The contrast describes the ratio of thin to thick strokes. There are typefaces with little stroke contrast, e.g. slab serifs or many sans serif typefaces designed for user interfaces, e.g. Roboto or San Francisco. There are others with a lot of contrast, such as Bodoni or Didot. To measure the contrast, we can trace the outlines of an “o and look for the smallest and largest distances between inner and outer shape.

The contrast of a typeface may be measured at the thickest and thinnest part of an “o”.


The x-height is an important characteristic that can be an indicator for legibility and perceived size of a font. It is usually measured at the top of a lowercase x.

The x-height can be measured from the glyph information that opentype.js provides.

Width / Proportion

With this value I try to grasp how narrow or wide a font is. Is it rather condensed or extended? One idea I had was to measure the width of an “M”. But to make those comparable, one would need to put those into context of the overall size or the x-height. Some typefaces also might have very special “M” glyphs that don’t represent the rest of the typeface.


To measure the weight, I render the lowercase „o“ character to a HTML canvas element, fill it black and paint the background white. I then measure the ratio between black and white pixels. A script or hairline font will show very little values, while a very heavy blocky font will show high values. This gave me okayish results, but I want to improve this by measuring actual stems of glyphs in the future.


When all glyphs of a typeface have the same width, they are called monospaced. Important here is, that we can’t necessarily look a the glyphs themselves to determine the width. Even in a monospaced font, a dot character takes less visible space than a “m”. Thus, we need to take into account the advanceWidth property that describes the invisible width around a glyph. Here we can find out that Google Fonts uses monospaced as a style classification, but not to indicate the technical property. Fonts such as Lekton or Libre Barcode are not listed as monospaced, but technically they are.


Once we have a table of values, we can normalize those and then compute distances to see how similar fonts are. I implemented a very basic version of it that isn’t terrible, but could be better with higher accuracy of the data. Also, we might perceive similarity different than an algorithm that treats every characteristic equally. In that case, we might need to weigh some properties more than others.

The font parser analyses each font, draws hidden SVGs and canvas elements for measurements and saves the data to a JSON file.


I’ve built an interface to make the database accessible. Fonts can be viewed in a grid of varying size to get an overview over all fonts or to take a look at details of a few fonts.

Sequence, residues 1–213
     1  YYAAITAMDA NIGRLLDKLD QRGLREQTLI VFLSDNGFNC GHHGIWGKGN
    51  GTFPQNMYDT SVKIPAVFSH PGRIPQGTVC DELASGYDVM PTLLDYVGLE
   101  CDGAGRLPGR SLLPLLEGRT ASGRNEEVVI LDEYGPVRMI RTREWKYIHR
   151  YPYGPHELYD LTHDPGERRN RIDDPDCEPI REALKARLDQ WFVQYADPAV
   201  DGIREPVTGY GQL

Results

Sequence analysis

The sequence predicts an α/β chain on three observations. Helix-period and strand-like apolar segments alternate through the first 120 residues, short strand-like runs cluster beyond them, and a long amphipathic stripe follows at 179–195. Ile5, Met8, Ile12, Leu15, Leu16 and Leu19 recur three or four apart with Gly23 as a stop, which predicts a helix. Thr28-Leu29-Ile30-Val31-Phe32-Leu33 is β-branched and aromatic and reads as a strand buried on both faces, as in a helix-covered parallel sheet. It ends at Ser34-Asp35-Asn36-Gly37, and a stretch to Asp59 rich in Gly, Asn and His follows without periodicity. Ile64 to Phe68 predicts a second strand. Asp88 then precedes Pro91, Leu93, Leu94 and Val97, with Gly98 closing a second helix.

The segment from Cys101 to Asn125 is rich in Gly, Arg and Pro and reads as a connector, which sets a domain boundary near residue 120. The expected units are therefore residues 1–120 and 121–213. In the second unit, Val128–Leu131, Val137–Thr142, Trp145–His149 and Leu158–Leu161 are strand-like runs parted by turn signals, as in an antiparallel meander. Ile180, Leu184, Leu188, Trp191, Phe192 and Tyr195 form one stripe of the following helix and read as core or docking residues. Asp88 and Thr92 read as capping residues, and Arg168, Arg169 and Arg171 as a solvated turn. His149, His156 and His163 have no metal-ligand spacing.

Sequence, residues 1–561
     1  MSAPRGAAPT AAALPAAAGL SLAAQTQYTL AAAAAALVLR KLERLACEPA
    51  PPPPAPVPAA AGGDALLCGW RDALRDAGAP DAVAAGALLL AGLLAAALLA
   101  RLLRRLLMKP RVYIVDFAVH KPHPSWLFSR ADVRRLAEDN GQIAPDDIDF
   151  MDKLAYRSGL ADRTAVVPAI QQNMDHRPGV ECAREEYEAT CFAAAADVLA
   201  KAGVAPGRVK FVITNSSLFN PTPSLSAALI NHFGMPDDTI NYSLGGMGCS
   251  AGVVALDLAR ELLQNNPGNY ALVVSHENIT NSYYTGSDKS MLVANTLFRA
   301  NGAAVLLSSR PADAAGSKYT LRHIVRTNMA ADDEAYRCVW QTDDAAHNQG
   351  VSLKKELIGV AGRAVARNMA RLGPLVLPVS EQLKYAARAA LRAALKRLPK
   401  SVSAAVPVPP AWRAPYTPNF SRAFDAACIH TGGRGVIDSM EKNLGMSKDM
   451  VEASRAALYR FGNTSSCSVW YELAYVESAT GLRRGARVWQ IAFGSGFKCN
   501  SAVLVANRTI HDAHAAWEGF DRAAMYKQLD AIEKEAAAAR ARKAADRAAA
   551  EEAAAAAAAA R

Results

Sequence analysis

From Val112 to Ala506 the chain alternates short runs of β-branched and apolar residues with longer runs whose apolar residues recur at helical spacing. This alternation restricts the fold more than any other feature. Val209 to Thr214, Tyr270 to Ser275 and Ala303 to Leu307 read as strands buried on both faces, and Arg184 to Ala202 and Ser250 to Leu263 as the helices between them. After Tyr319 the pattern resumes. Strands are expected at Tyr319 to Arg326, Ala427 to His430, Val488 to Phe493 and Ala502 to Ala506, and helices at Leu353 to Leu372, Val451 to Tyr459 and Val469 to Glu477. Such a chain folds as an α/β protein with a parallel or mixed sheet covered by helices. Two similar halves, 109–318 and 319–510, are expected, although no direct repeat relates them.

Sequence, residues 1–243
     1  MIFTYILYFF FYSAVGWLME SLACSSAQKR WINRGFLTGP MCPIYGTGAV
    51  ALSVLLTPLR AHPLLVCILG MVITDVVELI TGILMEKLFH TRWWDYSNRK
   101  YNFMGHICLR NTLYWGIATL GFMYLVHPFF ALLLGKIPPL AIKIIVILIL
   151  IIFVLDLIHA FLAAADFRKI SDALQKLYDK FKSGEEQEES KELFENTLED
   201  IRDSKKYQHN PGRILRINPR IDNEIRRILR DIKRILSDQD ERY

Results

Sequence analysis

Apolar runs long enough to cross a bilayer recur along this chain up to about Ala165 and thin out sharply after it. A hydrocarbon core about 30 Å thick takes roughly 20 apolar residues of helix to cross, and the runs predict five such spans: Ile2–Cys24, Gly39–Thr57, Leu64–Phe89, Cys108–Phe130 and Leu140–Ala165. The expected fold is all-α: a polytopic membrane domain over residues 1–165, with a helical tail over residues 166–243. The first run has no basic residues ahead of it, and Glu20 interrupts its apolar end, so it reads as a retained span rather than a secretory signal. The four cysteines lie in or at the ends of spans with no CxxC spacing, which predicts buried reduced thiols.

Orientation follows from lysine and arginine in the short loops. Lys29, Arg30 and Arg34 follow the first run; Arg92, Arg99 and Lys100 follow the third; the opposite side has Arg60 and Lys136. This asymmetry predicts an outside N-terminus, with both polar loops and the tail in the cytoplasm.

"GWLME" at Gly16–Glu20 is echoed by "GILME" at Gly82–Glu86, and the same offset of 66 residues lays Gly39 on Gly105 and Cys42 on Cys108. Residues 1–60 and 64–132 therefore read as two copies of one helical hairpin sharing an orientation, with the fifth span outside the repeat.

Screenshot of the project’s website


The dataset invites one to explore and find similarities and irregularities. Setting low contrast and serif will return all the slab serif fonts. Low x-height will give us mostly handwritten or script fonts. Very high values often indicate all caps typefaces.


This is a complex way of looking at font exploration. Ultimately, the quality of results depends on the quality of the fonts and the data around them. Only browsing Google Fonts is very limiting as their overall quality isn’t known to be the best in class. I’ve already started to run analysis on the Typekit library and ultimately met new challenges of user interface performance when previewing so many fonts. Such an undertaking requires proper caching and preloading strategies. But I don’t have to go that far just yet.


With such a dataset, one could do more things:

  • automatically adjust font sizes and line heights based on x-height
  • find font combinations based on similarity or difference
  • build a custom font menu for Avatar’s poster designer

Further reading

Panose Classification Metrics Guide
The guide from 1991 describes in detail how to measure individual glyphs to derive comparable metrics. Unfortunately those measurements need to be taken by hand and can be quite time-consuming.


Q: Why didn’t you use data from web font services?
A: Services that provide fonts such as Typekit, Google Fonts, Fontstand, Fontshop, MyFonts, etc. all provide their own set of filters with more or less fine control. The APIs of those services also differ in the amount of information that is available for each font. Usually the category is provided, but other information is either left out or not compatible between the services.

Pushing boundaries, not pixels. I make design tools, apps & bagels. Previously @ginettateam. Studied @idpotsdam. Former Intern @Behance, NYC.